Although Fibromyalgia has closed some doors for me it has also opened quite a few. It made me look at lifestyle changes that I needed to make. I am 3 stone lighter; I have learnt alot about myself and become a more positive person; I’ve taken up many activities that I never would have had time for before. Most importantly I have changed careers and found a better work/life balance. Fibromyalgia does not have to mean the end of the world and if you choose to engage in ‘mindful’ living it could even bring about, the start of a whole new one.
Things you can do
- Sleep - If you can get into a better sleep pattern it will help ease your aches and pains. If you experience TMJ ensure you wear a mouth guard.
- Graded exercise - Will help with moods, pain management and sleep. It is very important that the exercises are graded slowly and that you don't overdo it otherwise you will feel worse. Get one-on-one sessions with a trained physio. Hydrotherapy is an excellent and gentle form of exercise. Tai Chi is also very helpful as it is very gentle on the body and has the added bonus of stilling the mind.
- Medication/pain management -The right medication can help with anxiety and pain. Have a review with your doctor to discuss your options. Be aware of side effects before trying anything and always start off on the lowest dosage. It’s a case of trial and error to see what works for you as everyone reacts differently.
- Managing stress - Cognitive behavourial therapy is very useful as is biofeedback. It has been documented that a high proprotion of FMS sufferers are A-type personalities with perfectionistic tendencies. Pacing is key to recovery and it is beneficial not to take on too many tasks.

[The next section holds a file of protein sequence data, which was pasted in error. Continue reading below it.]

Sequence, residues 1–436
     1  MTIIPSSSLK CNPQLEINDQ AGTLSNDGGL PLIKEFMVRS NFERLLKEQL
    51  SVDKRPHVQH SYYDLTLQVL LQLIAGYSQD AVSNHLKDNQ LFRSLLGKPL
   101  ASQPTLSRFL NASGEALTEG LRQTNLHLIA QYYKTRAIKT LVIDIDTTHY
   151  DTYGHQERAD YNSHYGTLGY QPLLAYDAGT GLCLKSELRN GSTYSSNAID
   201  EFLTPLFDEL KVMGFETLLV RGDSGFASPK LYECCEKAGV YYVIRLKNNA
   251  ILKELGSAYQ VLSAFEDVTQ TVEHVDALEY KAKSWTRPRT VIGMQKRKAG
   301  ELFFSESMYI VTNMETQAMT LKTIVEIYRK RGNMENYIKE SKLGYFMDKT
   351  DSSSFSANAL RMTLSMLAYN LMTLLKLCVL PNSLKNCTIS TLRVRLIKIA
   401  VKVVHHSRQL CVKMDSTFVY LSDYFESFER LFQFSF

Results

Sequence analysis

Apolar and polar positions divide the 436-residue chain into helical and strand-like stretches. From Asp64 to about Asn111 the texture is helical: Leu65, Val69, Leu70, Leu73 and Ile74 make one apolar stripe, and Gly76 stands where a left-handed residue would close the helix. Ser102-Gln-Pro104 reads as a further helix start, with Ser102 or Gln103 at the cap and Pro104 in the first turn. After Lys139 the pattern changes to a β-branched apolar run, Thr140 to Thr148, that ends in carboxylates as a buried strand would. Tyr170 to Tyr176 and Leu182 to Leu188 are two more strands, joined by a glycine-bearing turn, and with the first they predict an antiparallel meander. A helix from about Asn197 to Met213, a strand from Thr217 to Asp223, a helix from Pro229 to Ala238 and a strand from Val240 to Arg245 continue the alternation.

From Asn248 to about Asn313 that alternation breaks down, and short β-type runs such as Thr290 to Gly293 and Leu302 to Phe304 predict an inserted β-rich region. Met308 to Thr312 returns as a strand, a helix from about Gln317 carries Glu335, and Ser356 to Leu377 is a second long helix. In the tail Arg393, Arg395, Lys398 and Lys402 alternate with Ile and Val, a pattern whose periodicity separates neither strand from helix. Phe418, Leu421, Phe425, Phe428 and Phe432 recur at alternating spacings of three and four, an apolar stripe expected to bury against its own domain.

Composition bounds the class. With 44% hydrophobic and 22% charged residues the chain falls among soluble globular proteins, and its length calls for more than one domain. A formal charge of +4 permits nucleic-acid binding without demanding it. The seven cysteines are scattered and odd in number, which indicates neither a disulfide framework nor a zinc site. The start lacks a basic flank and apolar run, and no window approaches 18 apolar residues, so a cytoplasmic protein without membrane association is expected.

- Diet - Although there is no specific diet for Fibromyalgia it has been shown that a lot of sufferers have difficulty with carbohydrates and as such benefit from monitoring their carbohydrate intake. Wheat, sugar, alchohol, chocolate, diary, caffiene, tomatoes, potatoes and citric fruits can also be significant allergens for FMS sufferers. 30% of people with FMS are also hypoglycemic. If you fall into this category you need to keep your blood sugars constant. Eat 6 small meals rather than 3 big ones and stay on a HG diet. Keep a food diary and note what works for you and what doesn't.
Case 3: Rosie 75 year old Female
I was 56 years old when I was diagnosed with fibromyalgia. I am now 75 years old. There was very little known in Ireland about the condition at that time. It was 19 years before I had the opportunity to meet and talk to anyone about how I felt and how to manage my life. Although there is, as we know, no “cure”, there are choices you can make to improve your everyday life. At the beginning, I had very severe pain – headaches, pain in both ankles, back pain, shoulder pain. The only course open to me was to try to relieve each pain that came along. I don’t have as much pain now, really, only soreness and stiffness. I have found ways of managing, and lead a good, active social life, as long as I don’t try to do too much. Talking to people with FM has been a great help in understanding how to get the best out of life.